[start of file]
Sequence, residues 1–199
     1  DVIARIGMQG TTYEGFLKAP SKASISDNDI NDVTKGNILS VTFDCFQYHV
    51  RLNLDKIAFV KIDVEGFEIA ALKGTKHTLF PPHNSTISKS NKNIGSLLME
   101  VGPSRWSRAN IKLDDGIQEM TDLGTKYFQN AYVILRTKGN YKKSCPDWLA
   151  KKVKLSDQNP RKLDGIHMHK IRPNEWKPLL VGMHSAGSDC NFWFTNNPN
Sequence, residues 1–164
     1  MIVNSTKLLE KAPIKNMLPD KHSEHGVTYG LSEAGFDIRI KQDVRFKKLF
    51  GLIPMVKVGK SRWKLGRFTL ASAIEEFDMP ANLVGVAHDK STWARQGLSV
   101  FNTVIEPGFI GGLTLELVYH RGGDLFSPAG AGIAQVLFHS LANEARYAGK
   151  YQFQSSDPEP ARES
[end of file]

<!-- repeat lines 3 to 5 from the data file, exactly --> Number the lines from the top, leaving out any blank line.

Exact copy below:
    51  RLNLDKIAFV KIDVEGFEIA ALKGTKHTLF PPHNSTISKS NKNIGSLLME
   101  VGPSRWSRAN IKLDDGIQEM TDLGTKYFQN AYVILRTKGN YKKSCPDWLA
   151  KKVKLSDQNP RKLDGIHMHK IRPNEWKPLL VGMHSAGSDC NFWFTNNPN